This is an editorial that I sent out to my LinkedIn C++ group members:
I'm discussing the retirement of of one of my favorite C++ books author: Scott Meyers
I am remembering the context when Scott Meyers books were hot and just out of the printers in the 90s. What other books of the same era that did pass as well the test of time.
I'm telling what he was meaning for me as a C++ developer and I am inviting people to discuss the impact and the causes of Mr. Meyers retirement.
Go read about it. It is very good!
This book has been published in 1993 and iostreams has changed a lot since then so this book is a bit outdated. Things that were not there in 1993 include:
Surprisingly even with all these changes, most of the code in the book would still compile today. This is one sign that C++ designers took a great care to not break existing code unless absolutely necessary. The book is divided into different chapters. Materials that have still value today are:
There are easier ways to implement regular expressions with the boost library. The value that I see in the third point is that I have always kept my own operators << and >> very simple and I have found this part of the book was eye opening to what was possible to do with these functions.
The chapter that I have found to have failed the test of time is the last and very lengthy chapter that presents close to 50 small test programs so you could test that your iostream implementation was compliant with the latest C++ draft specifications for iostreams. At the publishing time, it was perhaps needed as C++ implementations were trying to catch up with a moving standard but today, iostreams specifications have been stable for many years. I think that it is safe to take for granted that your iostreams behavior is compliant with the standard or it should be a total shame for the library developer if it is not the case.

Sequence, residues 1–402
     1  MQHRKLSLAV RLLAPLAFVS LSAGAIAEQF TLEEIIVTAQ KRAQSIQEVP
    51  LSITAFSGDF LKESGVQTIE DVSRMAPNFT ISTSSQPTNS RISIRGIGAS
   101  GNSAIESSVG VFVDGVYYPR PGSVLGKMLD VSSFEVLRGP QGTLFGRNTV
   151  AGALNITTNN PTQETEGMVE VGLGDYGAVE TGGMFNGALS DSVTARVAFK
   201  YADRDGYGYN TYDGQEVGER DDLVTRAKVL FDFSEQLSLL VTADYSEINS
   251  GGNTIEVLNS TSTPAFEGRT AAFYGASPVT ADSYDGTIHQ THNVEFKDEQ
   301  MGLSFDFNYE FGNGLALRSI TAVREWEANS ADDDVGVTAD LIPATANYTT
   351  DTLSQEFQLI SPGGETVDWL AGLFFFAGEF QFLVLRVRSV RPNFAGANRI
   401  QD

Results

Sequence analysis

To conclude, since the book is still accurate on most points, it can still be handy as a reference if it is hanging around. However, at the same time, since iostreams have changed in subtle ways since the publishing date, I would recommend looking for a more recent book for a new purchase. I have not read it but 'Standard C++ IOStreams and Locales' might be a better choice.
I have got interested in this book because I have read from many sources on Mr. Koenig involvement in several key elements of the C++ language such as argument dependant lookup (ADL), also called the Koenig lookup, and the intersect rule for function overloading. In fact, if you read the book 'The design and evolution of C++', Andrew Koenig name is omni present throughout the book. So I was curious to see what Mr. Koenig had to say on C++.
Reading this book has been like a roller coaster ride. First, the cover is intriguing with its recursive pattern where you can see a girl under a tree in a field with cows in the background reading the 'Ruminations on C++' book with the same cover repeating itself over and over. Then the book is divided into six parts and, in my opinion, not all parts are equally good. The first part is taking a more philosophical view on what the C++ language aims to achieve. This part is not too technical and it has somehow a lot of appeal to my eyes. While reading this part, I was thinking that this was very promising for what was to come.
Then at the second part, it is where things are getting spoiled. Part 2 is describing basic C++ techniques. It is not bad but by having read tons of C++ books, to appreciate one of them, I must find some originality that I haven't found in part 2. This part of the book is average.